This is awesome and they actually did the dance well! Congrats to the newlywed and thank you for the wedding reception entertainment. I’m sure your guests were more than pleased.

Now if all weddings could be this creative, perhaps I’d like to attend them more often. W 3a2bel l 3eyzin 😛

Bridesmaids – Movie Review

Where do I start?

Over 90% in positive reviews according to Rotten Tomatoes, written by those responsible for the hilarious Saturday Night Live skits and brought to the screen by those that gave us Knocked Up and The 40 Year Old Virgin. Mix these together and you get a pretty high expectation level for Bridesmaids. Some had even called it the comedy of the year, a possible “Hangover”-esque comedy with women in power.

I don’t want to sound anti-feminist but Bridesmaids fails miserably.

Annie (Kristen Wiig) and Liliane (Maya Rudolph) have been best friends since they were little girls. When Liliane gets engaged, she chooses Annie to be her maid of honor. And then they meet the other bridesmaids: a neurotic woman named Helen (Rose Byrn), a newlywed Becca (Ellie Kemper), a tomboy-ish Megan (Melissa McCarthy) and a frustrated mother and wife named Rita (Wendy McLendon-Covey).

Naturally, the bridesmaids won’t get along well as conflict between Helen, who wants to be Liliane’s best friend, and Annie soon arises. And this is the movie’s catalyst (or lack thereof): how the characters interact.

Starting off with a sex scene and going into the monotonous life of a woman and her best friend, the movie sets itself as a chick-flick from the get-go. And it doesn’t really try to stray from that connotation until about the 45th minute. And that’s a lot of baggage for a movie to try to get rid off with one scene that involves a dress fitting gone seriously wrong after some Brazilian food poisoning.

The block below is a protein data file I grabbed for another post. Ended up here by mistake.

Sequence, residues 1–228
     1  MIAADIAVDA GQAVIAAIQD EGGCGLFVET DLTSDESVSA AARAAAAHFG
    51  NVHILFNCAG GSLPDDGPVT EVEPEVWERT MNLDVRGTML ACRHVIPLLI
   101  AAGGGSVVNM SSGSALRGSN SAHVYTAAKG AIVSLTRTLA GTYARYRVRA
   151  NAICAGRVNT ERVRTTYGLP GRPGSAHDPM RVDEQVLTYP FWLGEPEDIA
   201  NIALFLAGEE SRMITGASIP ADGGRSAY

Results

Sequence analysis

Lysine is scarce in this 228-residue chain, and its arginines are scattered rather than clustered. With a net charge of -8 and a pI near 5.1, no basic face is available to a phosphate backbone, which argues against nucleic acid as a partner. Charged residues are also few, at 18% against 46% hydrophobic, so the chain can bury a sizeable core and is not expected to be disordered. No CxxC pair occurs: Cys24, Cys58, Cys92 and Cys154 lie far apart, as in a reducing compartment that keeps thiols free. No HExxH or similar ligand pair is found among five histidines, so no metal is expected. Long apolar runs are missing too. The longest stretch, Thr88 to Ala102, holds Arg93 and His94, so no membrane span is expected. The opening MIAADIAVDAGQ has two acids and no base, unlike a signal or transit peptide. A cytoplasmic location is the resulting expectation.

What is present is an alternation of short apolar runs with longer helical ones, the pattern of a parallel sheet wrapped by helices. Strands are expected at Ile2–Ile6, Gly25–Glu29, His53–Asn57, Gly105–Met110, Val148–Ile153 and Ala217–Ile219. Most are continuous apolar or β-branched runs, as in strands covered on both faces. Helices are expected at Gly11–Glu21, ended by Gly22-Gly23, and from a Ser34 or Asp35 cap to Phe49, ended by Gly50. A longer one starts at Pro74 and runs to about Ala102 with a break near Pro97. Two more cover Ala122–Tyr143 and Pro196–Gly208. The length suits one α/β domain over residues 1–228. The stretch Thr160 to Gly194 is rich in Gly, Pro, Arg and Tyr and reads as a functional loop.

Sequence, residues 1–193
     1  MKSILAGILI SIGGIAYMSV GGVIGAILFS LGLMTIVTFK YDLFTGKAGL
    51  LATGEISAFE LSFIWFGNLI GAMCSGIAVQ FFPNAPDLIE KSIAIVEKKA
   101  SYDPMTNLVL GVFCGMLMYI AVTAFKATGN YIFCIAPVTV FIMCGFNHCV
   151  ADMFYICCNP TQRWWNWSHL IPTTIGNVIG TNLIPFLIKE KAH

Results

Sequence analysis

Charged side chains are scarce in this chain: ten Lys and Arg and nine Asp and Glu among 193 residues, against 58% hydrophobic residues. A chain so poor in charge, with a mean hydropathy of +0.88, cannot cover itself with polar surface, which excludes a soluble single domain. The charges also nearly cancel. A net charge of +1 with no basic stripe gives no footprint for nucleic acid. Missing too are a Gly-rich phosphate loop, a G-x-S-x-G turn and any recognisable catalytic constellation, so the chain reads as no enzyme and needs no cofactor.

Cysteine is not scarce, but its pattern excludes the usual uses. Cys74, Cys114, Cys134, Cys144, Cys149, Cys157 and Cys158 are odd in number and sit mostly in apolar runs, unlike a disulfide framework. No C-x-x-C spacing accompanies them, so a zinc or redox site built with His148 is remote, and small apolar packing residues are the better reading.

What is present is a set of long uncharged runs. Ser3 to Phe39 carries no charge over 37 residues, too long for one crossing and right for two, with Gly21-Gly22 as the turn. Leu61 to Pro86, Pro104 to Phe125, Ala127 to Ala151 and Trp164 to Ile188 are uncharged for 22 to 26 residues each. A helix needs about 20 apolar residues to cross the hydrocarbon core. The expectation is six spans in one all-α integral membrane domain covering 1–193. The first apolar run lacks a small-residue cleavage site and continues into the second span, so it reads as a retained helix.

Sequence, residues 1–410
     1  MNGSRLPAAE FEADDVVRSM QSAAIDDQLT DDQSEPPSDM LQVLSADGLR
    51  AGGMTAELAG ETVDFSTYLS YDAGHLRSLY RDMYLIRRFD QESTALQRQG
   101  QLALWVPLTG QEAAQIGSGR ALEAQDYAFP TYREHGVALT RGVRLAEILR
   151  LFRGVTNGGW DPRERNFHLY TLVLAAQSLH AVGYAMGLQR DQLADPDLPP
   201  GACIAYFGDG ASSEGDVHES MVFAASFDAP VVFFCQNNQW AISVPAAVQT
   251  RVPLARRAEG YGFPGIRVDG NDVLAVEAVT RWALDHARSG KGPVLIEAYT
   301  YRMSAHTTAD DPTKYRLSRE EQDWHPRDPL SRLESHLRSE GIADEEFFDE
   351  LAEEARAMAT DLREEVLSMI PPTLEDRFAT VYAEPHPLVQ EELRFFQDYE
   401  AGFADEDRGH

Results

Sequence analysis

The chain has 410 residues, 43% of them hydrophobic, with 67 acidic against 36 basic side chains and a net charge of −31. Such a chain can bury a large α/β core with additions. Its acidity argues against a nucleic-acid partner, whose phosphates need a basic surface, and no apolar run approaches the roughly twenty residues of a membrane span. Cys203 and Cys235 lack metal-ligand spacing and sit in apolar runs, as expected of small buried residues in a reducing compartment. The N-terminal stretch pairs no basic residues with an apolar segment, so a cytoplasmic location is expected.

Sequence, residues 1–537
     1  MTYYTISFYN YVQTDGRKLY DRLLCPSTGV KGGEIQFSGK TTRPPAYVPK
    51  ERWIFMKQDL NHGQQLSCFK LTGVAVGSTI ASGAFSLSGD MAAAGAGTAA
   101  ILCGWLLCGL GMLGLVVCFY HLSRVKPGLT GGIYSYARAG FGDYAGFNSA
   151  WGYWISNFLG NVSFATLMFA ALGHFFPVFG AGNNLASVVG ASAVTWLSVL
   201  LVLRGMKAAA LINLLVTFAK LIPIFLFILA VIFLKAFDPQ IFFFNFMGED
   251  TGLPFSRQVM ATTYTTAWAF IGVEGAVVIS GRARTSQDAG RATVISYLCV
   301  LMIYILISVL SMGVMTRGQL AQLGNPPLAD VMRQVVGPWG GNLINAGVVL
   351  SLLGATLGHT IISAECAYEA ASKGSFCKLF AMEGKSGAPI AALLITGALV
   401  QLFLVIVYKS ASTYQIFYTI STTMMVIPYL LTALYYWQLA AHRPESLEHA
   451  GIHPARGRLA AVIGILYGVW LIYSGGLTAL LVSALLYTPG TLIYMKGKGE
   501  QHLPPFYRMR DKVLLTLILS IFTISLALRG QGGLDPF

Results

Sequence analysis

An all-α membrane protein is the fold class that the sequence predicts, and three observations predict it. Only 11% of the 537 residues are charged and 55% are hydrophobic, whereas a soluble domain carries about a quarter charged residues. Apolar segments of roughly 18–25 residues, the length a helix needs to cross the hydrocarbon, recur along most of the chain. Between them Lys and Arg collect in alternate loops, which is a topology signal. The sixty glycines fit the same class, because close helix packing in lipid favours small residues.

Yes, you will laugh your ass off at that scene and start hoping that the movie has picked up but you will be severely disappointed.

And what do you know, single Annie soon enough meets her own prince charming in the form of a police officer who pulls her over because he thought she was driving under the influence of alcohol. Rhodes (Chris O’Dowd) soon embarks on a troubled relationship with Annie that doesn’t really unfold and is left as a side story more in the realms of cliche than of a true relationship.

Bridesmaids is a terribly slow movie as well. The plot lingers on so many irrelevant points that it doesn’t feel like moving at all. And mind you, I had no idea this was a two hour movie. It’s almost longer than Harry Potter. No comedy is supposed to take this long to unfold, especially one with so little jokes and so many useless dialogue.

The acting in Bridesmaids is pretentious as well. Not only is it agonizing to watch at times, but it’s also as rickety as the joints of a creaky table. Some have called Kristen Wiig’s performance a breakthrough. Excuse me, but have we watched the same movie? She’s not even the character that delivers the good jokes in the movie, it’s tomboy-ish Megan. And Helen, the movie’s “villain” is so marinated in everything cliche about the perfectionist wedding planner than seeing her on screen initiates your gag reflex.